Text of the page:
What’s happening for Little A this year?
Little A, Amazon’s literary and nonfiction imprint, is hitting our five-year anniversary this year. It’s still early days, but looking back at the talented authors we’ve published so far (award-winning authors, bestselling authors, sometimes both!) makes me confident and excited about our future. Our mission remains the same: serve our authors and publish the very best fiction and narrative nonfiction—books that delight our audiences and drive compassion and understanding across cultures and people.
We have a great lineup of books this year. Halsey Street by Naima Coster, which just came out, is an absolute gem of a novel—Naima is definitely on the rise. I’m also excited for the nonfiction we are publishing this year, including A Marriage in Dog Years by Nancy Balbirer, a poignant but funny memoir about a failing marriage and a terminally ill dog, and The Tenth Island, by Pulitzer Prize–winning journalist Diana Marcum, about rediscovering the meaning of joy and connection on the remote islands of the Atlantic Ocean.
We also have an amazing group of talented editors at Little A. Vivian Lee, Erin Calligan Mooney, Laura Van der Veer, and Hafizah Geter are all deeply passionate about their work and bring so much to the table. Sitting in editorial meetings with them talking about books is a highlight for me every week. Coming up in March, we’ll all be at the Association of Writers & Writing Programs conference in Tampa. If you’re there, check out a panel I’m moderating about the craft of memoir with Nancy Balbirer, Cinelle Barnes (Monsoon Mansion), and Hannah Howard (Feast).
What are some upcoming trends for the next year?
Feminism isn’t a trend, but I foresee books written by women dealing with career and workplace issues. I’m also anticipating books about how technology is influencing the lives of women in both good and bad ways. Caeli Wolfson Widger’s novel, Mother of Invention, which we’re publishing in May, follows the life of a Silicon Valley executive who has some tough choices to make. It’s a page-turning story with a lot of heart. It asks: What will a mother sacrifice to have it all?
What book/genre/topic would you like to see cross your transom?
For me, the point of reading is to see the world through another perspective, so I’m always eager for projects by underrepresented voices. As someone who grew up in a Spanglish household with a Mexican-American mother, I’m drawn to multicultural stories. We’d all benefit from more books by people of color and LGBTQ writers in both fiction and nonfiction and on any topic. Send them our way!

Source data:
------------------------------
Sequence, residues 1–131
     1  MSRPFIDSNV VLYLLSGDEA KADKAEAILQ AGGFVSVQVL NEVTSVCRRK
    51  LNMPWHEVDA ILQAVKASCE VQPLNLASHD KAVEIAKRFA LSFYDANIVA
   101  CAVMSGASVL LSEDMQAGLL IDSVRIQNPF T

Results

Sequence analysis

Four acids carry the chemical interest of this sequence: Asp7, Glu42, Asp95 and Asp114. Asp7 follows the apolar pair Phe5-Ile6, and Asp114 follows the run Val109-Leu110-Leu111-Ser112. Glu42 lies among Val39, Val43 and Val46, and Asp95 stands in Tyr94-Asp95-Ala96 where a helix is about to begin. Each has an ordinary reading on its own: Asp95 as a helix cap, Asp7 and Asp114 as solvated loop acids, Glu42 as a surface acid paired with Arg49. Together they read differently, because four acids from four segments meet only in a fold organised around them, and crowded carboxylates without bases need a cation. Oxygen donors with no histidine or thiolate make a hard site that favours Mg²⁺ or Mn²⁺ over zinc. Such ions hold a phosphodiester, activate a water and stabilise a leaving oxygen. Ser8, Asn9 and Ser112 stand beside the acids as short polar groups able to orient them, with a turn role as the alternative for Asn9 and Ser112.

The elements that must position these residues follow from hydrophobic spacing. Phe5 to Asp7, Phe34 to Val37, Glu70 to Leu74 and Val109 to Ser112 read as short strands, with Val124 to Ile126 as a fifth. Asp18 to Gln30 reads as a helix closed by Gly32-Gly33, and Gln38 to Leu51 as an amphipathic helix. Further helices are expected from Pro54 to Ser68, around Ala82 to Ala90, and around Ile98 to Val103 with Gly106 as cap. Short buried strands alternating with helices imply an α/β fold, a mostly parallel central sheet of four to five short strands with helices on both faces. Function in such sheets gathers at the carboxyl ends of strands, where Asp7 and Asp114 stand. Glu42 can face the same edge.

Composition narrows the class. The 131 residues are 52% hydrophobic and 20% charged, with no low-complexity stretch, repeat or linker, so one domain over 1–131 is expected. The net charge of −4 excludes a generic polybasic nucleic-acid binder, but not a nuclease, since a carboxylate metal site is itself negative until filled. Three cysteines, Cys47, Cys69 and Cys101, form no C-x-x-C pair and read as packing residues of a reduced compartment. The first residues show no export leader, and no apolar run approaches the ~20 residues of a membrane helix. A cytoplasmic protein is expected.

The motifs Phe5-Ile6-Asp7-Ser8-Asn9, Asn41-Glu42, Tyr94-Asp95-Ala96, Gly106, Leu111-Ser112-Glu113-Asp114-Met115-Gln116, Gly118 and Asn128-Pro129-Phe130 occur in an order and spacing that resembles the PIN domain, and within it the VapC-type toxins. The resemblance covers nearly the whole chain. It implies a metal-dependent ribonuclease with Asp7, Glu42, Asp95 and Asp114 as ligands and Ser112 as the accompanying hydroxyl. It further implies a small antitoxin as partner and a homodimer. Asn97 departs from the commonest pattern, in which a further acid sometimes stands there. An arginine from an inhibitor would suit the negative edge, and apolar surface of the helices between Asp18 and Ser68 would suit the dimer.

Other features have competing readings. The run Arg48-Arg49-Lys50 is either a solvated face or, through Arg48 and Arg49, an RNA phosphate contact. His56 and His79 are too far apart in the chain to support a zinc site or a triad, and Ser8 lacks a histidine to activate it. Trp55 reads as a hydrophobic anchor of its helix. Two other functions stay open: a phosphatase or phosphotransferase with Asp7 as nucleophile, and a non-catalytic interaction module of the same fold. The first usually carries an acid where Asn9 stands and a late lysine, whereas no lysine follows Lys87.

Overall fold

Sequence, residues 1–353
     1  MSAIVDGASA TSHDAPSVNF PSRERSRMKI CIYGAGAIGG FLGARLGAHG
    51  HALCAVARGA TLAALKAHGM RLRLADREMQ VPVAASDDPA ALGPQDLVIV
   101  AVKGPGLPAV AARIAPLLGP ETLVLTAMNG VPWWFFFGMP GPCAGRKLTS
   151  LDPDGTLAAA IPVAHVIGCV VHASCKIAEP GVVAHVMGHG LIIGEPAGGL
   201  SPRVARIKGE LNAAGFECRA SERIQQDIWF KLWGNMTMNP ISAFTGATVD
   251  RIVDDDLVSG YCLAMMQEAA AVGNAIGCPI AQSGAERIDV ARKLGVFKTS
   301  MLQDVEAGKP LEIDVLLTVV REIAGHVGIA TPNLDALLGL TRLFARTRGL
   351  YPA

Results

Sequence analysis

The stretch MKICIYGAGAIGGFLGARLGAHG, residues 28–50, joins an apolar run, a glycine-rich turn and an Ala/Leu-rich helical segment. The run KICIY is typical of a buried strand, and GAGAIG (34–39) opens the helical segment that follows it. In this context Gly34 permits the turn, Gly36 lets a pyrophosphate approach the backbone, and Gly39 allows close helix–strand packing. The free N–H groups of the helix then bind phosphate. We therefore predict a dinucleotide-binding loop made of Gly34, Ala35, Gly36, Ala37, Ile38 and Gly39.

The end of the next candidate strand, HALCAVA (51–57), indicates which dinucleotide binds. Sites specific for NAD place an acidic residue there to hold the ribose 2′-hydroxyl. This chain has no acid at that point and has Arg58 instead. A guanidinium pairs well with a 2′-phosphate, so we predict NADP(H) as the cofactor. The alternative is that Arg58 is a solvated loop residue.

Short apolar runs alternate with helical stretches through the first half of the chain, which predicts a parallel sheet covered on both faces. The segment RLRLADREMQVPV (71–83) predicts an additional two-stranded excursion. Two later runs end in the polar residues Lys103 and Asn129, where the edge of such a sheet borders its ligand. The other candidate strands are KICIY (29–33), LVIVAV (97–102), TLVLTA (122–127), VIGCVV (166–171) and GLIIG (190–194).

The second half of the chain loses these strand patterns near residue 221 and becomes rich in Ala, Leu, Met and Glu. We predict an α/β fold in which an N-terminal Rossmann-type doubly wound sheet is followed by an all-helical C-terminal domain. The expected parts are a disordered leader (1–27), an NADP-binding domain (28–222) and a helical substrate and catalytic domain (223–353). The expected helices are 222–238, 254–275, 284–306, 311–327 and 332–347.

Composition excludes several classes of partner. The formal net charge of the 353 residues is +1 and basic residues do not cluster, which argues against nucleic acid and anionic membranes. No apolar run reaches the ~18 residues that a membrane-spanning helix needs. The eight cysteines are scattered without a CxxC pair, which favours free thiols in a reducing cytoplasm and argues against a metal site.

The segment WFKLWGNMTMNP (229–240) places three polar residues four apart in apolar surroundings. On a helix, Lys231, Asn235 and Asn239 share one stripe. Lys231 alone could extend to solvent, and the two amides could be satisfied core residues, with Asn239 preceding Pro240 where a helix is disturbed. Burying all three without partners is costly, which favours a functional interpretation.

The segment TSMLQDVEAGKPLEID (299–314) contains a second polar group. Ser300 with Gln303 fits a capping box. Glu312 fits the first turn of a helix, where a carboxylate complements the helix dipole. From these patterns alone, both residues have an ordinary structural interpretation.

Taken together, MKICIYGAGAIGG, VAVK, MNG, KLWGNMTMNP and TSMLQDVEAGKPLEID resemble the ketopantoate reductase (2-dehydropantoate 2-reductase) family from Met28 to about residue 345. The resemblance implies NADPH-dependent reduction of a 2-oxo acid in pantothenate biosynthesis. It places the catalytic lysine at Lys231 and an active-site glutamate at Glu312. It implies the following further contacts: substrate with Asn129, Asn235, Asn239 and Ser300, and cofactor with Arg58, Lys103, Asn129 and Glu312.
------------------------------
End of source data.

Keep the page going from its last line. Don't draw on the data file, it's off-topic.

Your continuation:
What topic don’t you ever want to see again?
Politics! Unreliable narrators! Anything with “Girl” in the title! Actually, no, I’m up for anything as long as it’s a fresh and original take. I’ve read a million memoirs and coming-of-age novels and will keep doing so. There is beauty in finding a new take on a topic you may have seen before.
What do you want to change about publishing?
Innovation is part of Amazon’s DNA, so I don’t have an unfulfilled need to change things up. We do it every day. At Amazon Publishing, we start with the author and work backward, so we’re always thinking about ways to improve and evolve. A great example is Amazon First Reads, which offers customers early access to new books across popular genres from Amazon Publishing in both Kindle and hardcover editions. Every month, customers can choose one Kindle book from our editors’ picks for $1.99—Prime members get it for free—and also purchase hardcovers at exclusive prices. It’s the result of us wanting to radically expand audiences for our authors, and it works! Our titles Halsey Street andJames Han Mattson’s The Lost Prayers of Ricky Graves were both in the program recently, and it was awesome to see the books resonate with our readers.
Carmen Johnson is the editorial director at Little A, Amazon Publishing. She is responsible for shaping Little A’s list and overseeing the editorial team in addition to acquiring and editing her own list of memoir and fiction. Her upcoming titles include: The Long Deception by Mary McCluskey, Bury What We Cannot Take by Kirstin Chen, A Marriage in Dog Years by Nancy Balbirer, Mother of Invention by Caeli Wolfson Widger, and Stray: Memoirs of a Runaway by Tanya Marquardt. Prior to Amazon, Carmen worked at Knopf. She lives in Hastings-on-Hudson, New York, with her husband and daughter.